Tislelizumab was the first Chinese-developed PD-1 drug to launch overseas, gaining European marketing approval in September 2023. U.S. regulators are expected to give the drug their green light later this year, although it is unclear whether the product can replicate the success of zanubrutinib in the highly competitive global market for PD-1 immunotherapies.

Commercial rights to the tislelizumab Injection were handed to other drug companies but have twice been returned. Pharmaceutical giant Novartis (NVS.US) obtained the right to develop, produce and launch the drug in the U.S., Canada and the EU in 2021, with an upfront payment of $650 million. But when the Covid pandemic slowed U.S. drug approvals, Novartis pulled out of the deal, citing a changing outlook for PD-1 antibodies. BeiGene decided to sell tislelizumab independently after reclaiming the drug rights.

Burning through cash

BeiGene recently predicted that its product revenue would grow faster than its expenses in 2024 and beyond, improving its operating position and cash flow. But the company did not give a specific timetable for the path to profitability.

With a blockbuster drug to its credit, why is the company still stuck in the red? The answer lies in the cost of developing and selling a plethora of drugs.  BeiGene now has 17 commercial products and a pipeline of more than 50 candidate drugs, which are gobbling up cash for R&D, promotional activities and sales.

The company has been seeking to slow the rate of its spending. Its operating expenses rose 12.6% last year to $3.29 billion, a drop of 10 percentage points from the previous year’s growth rate.  R&D costs came in at $1.78 billion, while administrative expenses rose to just over $1.50 billion.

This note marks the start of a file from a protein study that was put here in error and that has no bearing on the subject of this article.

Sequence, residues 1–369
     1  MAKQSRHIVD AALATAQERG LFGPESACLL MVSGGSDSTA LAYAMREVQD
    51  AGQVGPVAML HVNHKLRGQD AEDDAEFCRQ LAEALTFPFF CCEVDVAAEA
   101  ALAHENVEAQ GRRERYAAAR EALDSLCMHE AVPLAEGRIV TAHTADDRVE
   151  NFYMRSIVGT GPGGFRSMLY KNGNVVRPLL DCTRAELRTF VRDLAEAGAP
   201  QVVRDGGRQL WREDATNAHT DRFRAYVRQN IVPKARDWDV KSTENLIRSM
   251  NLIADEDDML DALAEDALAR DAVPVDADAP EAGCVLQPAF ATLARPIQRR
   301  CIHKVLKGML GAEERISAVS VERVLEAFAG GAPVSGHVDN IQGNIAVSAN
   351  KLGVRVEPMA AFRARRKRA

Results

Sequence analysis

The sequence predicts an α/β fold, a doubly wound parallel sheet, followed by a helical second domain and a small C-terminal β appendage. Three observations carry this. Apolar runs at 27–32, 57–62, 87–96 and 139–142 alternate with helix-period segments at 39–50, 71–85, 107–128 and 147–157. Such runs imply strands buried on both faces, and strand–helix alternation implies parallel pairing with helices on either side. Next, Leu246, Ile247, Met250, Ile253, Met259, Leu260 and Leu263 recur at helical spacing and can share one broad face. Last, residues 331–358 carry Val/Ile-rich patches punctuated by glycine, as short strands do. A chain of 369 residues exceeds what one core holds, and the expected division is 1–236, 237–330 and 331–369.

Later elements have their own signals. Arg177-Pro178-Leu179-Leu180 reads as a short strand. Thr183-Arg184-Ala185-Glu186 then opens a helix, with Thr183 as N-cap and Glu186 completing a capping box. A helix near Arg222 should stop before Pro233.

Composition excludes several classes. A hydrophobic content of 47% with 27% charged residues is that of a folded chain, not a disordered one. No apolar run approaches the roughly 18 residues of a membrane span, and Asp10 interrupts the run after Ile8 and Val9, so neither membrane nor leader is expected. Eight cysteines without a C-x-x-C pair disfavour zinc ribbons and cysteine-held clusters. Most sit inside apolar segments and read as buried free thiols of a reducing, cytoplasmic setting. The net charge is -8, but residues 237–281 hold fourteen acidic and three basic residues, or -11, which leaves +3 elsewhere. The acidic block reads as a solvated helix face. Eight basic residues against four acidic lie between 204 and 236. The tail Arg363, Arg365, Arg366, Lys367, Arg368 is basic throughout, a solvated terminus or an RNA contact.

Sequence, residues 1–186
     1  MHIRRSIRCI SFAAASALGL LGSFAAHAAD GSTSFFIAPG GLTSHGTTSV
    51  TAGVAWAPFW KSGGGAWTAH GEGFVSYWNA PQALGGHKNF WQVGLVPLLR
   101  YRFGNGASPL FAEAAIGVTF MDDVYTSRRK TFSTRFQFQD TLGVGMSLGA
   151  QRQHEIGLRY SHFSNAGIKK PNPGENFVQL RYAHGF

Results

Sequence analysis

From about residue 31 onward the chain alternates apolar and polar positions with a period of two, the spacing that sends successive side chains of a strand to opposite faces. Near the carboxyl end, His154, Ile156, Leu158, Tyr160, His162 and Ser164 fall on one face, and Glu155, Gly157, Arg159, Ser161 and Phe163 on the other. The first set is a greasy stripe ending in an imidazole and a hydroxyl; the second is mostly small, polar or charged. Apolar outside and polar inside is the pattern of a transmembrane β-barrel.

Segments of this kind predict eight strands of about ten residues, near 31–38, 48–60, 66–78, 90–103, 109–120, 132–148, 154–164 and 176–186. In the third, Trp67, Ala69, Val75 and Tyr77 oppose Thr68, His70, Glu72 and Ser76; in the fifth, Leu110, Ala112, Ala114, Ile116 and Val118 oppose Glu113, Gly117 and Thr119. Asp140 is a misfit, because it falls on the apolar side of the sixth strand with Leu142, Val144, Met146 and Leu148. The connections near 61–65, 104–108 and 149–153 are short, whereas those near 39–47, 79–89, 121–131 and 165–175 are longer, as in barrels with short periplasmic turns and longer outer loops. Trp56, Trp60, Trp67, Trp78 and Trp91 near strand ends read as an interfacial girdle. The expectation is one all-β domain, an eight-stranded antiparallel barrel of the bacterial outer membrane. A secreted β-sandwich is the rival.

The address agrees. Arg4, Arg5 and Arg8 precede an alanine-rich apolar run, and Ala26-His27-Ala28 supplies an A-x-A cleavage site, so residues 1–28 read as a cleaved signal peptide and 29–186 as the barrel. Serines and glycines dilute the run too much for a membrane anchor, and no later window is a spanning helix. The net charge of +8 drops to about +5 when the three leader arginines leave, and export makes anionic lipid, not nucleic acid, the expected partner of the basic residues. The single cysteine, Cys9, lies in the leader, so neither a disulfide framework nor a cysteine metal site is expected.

According to an R&D progress report included in the earnings, three self-developed drugs already on the market are in Phase III clinical trials for treating additional conditions. The new anti-cancer pill sonrotoclax, which has yet to be commercially launched, is in four clinical trials including late-stage testing for the treatment of chronic lymphocytic leukemia. And more than 10 new molecular drugs are expected to reach the clinical stage this year, the company said. These cash-guzzling pipelines will surely push back the timetable for profitability.

As of the end of last year, BeiGene had cash and cash equivalents of $3.19 billion, down from $3.88 billion a year earlier.  The biotech has a price-to-sales (P/S) ratio of 6.8 times, compared with 7.1 times for Junshi Biosciences (1877.HK; 688180.SH), which also markets a PD-1 drug overseas. Having proved its ability to develop novel drugs, BeiGene now needs to show it can come up with multiple blockbusters that will finally deliver profits for shareholders.